Since Doctor Edward Jenner first inoculated James Phipps back in the late 1700s, the primary purpose of vaccines has been to prevent the diseases for which they are intended. However, as the effects of the vaccines became known and more epidemiological studies were done on the populations receiving those vaccines, beneficial side-effects of vaccines became better understood. Recently, in the Journal of the American Medical Association (JAMA), a study of children receiving the rotavirus vaccine has shown that children who receive the vaccine have a lower risk of developing type I diabetes.
Type I diabetes, also known as “juvenile diabetes” because it is often first diagnosed in childhood, is the result of a non-functioning pancreas that is unable to create insulin. Insulin is a hormone needed for glucose (sugar) in the bloodstream to enter cells in the body and be used as energy. When insulin is not created, or is not functional because of some structural abnormality, the glucose remains in the bloodstream. As cells run out of glucose for fuel, the body begins to recruit fat and protein for fuel. This results in the creation of byproducts that make the blood more acidic, a situation that can lead to severe complications.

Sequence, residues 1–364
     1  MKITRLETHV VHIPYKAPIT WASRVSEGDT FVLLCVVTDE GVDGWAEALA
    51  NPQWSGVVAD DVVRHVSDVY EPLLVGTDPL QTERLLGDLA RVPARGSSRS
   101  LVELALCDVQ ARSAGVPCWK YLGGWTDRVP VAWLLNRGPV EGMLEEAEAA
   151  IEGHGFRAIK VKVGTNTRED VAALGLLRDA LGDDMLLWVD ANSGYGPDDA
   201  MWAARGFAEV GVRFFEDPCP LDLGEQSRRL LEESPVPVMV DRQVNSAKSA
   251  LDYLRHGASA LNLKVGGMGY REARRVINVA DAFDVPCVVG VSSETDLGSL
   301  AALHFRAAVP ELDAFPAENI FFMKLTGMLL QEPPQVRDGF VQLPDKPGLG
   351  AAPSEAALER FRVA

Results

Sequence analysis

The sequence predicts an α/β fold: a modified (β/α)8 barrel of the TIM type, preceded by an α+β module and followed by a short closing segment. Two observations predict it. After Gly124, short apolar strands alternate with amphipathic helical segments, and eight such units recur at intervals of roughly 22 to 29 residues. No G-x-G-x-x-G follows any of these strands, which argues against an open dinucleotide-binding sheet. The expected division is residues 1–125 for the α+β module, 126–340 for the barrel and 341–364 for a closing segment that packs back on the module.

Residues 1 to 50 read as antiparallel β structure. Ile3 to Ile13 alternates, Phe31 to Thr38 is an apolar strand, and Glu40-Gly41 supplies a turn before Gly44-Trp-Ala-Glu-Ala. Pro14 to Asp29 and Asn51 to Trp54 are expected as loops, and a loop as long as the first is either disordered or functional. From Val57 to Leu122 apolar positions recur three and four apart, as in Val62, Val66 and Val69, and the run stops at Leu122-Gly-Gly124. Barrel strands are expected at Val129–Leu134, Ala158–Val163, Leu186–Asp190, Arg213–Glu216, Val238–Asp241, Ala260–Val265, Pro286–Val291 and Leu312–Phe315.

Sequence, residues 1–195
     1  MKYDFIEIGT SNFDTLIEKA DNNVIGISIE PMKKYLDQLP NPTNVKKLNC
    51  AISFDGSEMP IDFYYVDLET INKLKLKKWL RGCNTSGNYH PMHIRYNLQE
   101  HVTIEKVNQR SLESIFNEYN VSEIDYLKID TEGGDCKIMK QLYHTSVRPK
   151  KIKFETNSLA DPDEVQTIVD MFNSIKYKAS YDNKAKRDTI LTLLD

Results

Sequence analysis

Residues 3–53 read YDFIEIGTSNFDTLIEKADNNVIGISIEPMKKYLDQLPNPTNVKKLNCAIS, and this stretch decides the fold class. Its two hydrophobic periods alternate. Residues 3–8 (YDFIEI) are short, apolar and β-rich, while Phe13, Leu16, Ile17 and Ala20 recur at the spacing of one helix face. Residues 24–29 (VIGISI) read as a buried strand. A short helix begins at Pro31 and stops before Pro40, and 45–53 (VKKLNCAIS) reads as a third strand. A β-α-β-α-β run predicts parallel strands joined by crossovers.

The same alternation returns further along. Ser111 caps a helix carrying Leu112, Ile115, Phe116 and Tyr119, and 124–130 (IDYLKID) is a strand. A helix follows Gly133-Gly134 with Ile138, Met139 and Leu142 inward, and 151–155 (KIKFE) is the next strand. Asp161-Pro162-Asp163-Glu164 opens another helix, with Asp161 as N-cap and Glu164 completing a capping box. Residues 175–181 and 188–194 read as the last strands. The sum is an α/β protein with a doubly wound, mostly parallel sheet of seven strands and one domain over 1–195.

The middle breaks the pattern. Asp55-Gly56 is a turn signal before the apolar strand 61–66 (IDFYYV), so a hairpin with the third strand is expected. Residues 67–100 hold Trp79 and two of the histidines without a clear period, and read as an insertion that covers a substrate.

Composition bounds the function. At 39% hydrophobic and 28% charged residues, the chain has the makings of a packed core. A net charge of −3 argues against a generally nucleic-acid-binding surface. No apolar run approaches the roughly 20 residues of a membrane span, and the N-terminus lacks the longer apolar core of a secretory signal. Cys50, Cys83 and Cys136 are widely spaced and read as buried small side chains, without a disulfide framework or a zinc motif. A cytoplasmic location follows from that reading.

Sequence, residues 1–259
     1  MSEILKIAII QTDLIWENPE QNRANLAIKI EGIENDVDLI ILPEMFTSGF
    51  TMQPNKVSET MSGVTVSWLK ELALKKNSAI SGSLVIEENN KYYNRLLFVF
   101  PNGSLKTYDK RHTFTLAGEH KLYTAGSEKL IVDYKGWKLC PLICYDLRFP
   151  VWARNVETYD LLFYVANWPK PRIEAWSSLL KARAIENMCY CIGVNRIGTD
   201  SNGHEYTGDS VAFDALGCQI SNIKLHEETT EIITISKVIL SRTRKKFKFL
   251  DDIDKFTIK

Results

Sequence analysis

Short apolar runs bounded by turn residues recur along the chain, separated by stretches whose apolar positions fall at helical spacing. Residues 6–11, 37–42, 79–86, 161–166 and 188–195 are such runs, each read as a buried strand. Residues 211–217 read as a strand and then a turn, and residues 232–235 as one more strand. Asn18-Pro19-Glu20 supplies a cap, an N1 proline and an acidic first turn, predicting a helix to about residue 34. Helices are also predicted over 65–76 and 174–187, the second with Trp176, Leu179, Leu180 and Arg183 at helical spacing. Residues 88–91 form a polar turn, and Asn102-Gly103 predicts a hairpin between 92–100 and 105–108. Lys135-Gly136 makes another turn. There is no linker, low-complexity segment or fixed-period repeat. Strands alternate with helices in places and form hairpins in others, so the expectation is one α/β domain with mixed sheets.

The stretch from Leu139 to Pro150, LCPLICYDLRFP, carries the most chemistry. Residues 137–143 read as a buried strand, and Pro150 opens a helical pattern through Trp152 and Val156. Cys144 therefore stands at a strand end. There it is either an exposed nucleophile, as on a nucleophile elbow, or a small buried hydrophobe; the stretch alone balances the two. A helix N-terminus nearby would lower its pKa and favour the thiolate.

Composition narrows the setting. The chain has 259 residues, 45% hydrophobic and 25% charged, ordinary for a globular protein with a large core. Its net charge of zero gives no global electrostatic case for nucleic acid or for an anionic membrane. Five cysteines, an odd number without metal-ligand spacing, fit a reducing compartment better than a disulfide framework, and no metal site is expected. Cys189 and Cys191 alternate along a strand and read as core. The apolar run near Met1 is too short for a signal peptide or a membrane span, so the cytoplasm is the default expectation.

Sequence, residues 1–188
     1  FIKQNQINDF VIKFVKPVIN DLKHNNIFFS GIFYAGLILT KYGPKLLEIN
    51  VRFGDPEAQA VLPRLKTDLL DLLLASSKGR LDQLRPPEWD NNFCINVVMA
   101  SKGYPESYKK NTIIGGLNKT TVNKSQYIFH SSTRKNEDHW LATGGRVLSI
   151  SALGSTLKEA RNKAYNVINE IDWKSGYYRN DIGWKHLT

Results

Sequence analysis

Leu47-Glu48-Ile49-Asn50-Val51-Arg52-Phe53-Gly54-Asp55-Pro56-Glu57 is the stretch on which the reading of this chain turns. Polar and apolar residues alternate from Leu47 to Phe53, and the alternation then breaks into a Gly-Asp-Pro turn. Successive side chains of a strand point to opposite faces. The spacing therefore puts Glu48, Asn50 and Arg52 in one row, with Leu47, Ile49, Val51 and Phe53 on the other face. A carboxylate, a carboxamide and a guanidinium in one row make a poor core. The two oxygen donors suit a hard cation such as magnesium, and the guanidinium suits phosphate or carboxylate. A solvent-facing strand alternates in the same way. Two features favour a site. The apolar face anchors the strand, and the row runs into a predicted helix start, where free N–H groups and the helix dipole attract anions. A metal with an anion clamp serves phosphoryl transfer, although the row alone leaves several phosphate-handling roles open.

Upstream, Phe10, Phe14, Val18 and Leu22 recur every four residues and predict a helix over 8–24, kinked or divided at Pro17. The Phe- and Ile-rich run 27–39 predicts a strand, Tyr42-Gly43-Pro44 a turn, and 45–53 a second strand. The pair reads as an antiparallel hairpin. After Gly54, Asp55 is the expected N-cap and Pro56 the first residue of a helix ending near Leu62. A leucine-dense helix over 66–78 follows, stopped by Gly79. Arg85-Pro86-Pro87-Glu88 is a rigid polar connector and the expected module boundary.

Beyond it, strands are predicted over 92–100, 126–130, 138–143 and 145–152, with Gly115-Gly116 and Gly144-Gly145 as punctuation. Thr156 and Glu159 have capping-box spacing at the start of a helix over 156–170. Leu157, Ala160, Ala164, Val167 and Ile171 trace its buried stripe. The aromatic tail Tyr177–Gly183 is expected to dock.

This new research is not a big surprise if you know about previous evidence of rotavirus infection damaging the pancreas and triggering type I diabetes in children. While there are genetic factors that trigger the disease, it seems that rotavirus infections cause damage to the insulin-producing cells. So it stands to reason that preventing rotavirus infections will prevent cases of type I diabetes that would have resulted from damage to those cells.
Interestingly, this is not the first time that a vaccine has shown unintended side effects against type I diabetes. A previous study looking at the use of the bacillus Calmette-Guérin (BCG) vaccine against tuberculosis showed that adults with type I diabetes had better blood glucose levels. In that study, researchers believe that the vaccine modulates an auto-immune response, preventing the body’s immune system from attacking the pancreatic cells that produce insulin. This is a follow-up to a similar trial published in 2012 by the same group of researchers.
As with all research, reproducibility of the findings is key to validating the results and making public health recommendations. However, public health authorities already have plenty of evidence to recommend the use of the rotavirus vaccine for preventing rotavirus infection and the severe diarrhea it causes, lowering the morbidity and mortality from the disease. That it may have these beneficial “side effects” is only a plus for what has been shown to be a safe and effective intervention.